INTERVIEW: Women Are Mint Festival | NARC. | Reliably Informed | Music and Creative Arts News for Newcastle and the North East

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Image: Georgia May by Darran Moore

Martha Hill is, in her own words, “fucked off” this year. Musically, the singer has gone from strength to strength. Tracks from her EP, Summer Up North, made it onto BBC 6Music and Radio 1 playlists and her single Grilled Cheese has racked up almost 300,000 Spotify plays. Whilst she acknowledges the difficulty and frustrations of having a large proportion of her job closed off to the world, she has other things on her mind.

It’s total burnout, man,” she sighs, resting her head in her hands. “We’ve taken a huge step backwards this year when it comes to women’s safety in the workplace and in the streets.” She’s referring of course, to the recent murder of Sarah Everard, and more locally, the allegations of sexual harassment and abuse that hang over the region’s music and culture sector. We agree that the feeling of fear and weariness is palpable among women at the moment, exacerbated by the trauma of a year in isolation.

It’s unsurprising then, that Women Are Mint, a three-day virtual festival curated by Martha herself, feels more necessary than ever in 2021. Back in 2018, 45 events and festivals pledged to achieve a 50/50 gender balance among artists by 2022; a pledge that many seem to have forgotten they made. “The reaction to COVID-19 has been to stop prioritising women’s rights. The gender split on festivals has been shocking this year. It’s old, white, male promoters saying ‘We need to get money in, how do we get money in? By programming old white men’.”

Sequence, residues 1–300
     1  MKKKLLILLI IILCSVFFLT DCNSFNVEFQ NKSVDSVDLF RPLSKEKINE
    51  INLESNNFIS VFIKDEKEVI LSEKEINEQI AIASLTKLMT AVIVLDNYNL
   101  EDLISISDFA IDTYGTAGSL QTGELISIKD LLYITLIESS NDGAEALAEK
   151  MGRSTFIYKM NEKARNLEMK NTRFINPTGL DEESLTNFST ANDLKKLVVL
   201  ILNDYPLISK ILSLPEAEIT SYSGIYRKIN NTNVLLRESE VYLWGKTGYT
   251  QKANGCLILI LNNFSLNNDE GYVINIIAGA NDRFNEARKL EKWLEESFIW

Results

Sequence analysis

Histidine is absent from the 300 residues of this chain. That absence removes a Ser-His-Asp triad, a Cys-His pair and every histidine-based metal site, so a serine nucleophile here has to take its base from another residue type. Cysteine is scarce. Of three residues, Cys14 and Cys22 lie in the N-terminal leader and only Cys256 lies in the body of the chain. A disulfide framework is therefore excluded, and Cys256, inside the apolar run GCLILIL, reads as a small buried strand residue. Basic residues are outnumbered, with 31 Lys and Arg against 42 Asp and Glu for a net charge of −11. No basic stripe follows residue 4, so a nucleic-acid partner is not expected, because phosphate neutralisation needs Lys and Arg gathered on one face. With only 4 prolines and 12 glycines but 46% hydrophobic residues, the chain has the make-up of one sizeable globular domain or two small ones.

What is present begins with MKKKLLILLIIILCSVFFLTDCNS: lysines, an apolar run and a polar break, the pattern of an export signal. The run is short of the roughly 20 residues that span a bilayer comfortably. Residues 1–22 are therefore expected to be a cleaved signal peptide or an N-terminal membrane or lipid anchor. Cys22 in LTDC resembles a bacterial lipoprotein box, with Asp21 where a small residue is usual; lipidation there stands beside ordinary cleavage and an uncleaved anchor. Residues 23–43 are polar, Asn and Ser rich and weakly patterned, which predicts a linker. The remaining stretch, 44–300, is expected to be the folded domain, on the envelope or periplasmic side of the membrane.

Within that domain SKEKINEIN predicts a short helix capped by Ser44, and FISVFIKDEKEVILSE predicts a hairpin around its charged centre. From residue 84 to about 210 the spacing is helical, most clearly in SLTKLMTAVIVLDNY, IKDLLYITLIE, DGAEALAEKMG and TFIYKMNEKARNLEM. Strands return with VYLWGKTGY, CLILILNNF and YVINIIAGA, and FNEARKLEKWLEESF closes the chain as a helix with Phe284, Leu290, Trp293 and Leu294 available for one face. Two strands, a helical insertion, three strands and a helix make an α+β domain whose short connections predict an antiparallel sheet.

The gender split on festivals has been shocking this year. It’s old, white, male promoters saying ‘We need to get money in, how do we get money in? By programming old white men’

The retort from festival promoters has often been that women just aren’t making music, a falsehood that has prompted lists of female artists to be circulated around social media. “It’s just not true,” Martha continues. “It’s a cop out. There are hordes of female artists that could and should headline festivals.” Though perhaps the notion of headliners itself is problematic – Women Are Mint has none, with all artists given equal weight. “I booked all of these artists because I wanted to see them live,” she says, equally excited about local acts such as Georgia May as she is about Mesadorm and “my mate Cadi who’s DJ’d twice”.

Of course, this year will be a little different, in that we won’t be able to see any of the acts live. Delivered in partnership with Howzat TV, local artists will stream from Cobalt Studios in the Ouseburn, whilst those from outside the region will be pre-recording their shows. With a solid team behind her, the shift online has been relatively straightforward, although the running of the day is a different story. “It needs to be flawless really,” she says, “At a live show, people are chatting with their mates and don’t notice if you’re a few minutes late.”

The weekend is set to be a corker, with artist workshops focused on PR, tour booking and PRS alongside family friendly yoga sessions from Shanti Bee interspersed amongst the music. Also slated to perform is Kay Greyson, Lanta, Lady Sanity, POLO, Beccy Owen, Rotem, Cortney Dixon and My Bad Sister. All tickets are pay-what-you-can, so anyone who has been hit financially by the pandemic is still welcomed and encouraged to be a part of the festival. Finally, a little something to look forward to.

Women Are Mint takes place from Friday 14th-Sunday 16th May online via Cobalt Studios

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